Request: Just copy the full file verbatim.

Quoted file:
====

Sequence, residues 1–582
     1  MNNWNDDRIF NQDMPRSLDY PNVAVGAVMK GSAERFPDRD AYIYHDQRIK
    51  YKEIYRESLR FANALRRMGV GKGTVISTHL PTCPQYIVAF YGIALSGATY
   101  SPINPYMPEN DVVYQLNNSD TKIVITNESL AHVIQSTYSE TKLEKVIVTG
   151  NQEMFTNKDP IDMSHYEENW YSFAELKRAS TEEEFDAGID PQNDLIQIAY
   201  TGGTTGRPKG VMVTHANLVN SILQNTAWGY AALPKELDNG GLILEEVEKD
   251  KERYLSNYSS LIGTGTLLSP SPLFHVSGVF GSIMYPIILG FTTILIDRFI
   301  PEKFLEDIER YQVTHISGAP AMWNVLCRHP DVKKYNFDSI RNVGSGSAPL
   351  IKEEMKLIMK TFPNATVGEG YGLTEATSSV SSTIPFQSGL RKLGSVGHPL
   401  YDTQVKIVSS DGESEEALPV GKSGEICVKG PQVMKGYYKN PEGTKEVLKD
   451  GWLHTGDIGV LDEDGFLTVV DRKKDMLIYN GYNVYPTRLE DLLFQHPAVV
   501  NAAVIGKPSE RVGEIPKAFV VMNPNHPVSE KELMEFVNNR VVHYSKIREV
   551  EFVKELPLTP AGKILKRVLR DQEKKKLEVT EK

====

Sequence, residues 1–582
     1  MNNWNDDRIF NQDMPRSLDY PNVAVGAVMK GSAERFPDRD AYIYHDQRIK
    51  YKEIYRESLR FANALRRMGV GKGTVISTHL PTCPQYIVAF YGIALSGATY
   101  SPINPYMPEN DVVYQLNNSD TKIVITNESL AHVIQSTYSE TKLEKVIVTG
   151  NQEMFTNKDP IDMSHYEENW YSFAELKRAS TEEEFDAGID PQNDLIQIAY
   201  TGGTTGRPKG VMVTHANLVN SILQNTAWGY AALPKELDNG GLILEEVEKD
   251  KERYLSNYSS LIGTGTLLSP SPLFHVSGVF GSIMYPIILG FTTILIDRFI
   301  PEKFLEDIER YQVTHISGAP AMWNVLCRHP DVKKYNFDSI RNVGSGSAPL
   351  IKEEMKLIMK TFPNATVGEG YGLTEATSSV SSTIPFQSGL RKLGSVGHPL
   401  YDTQVKIVSS DGESEEALPV GKSGEICVKG PQVMKGYYKN PEGTKEVLKD
   451  GWLHTGDIGV LDEDGFLTVV DRKKDMLIYN GYNVYPTRLE DLLFQHPAVV
   501  NAAVIGKPSE RVGEIPKAFV VMNPNHPVSE KELMEFVNNR VVHYSKIREV
   551  EFVKELPLTP AGKILKRVLR DQEKKKLEVT EK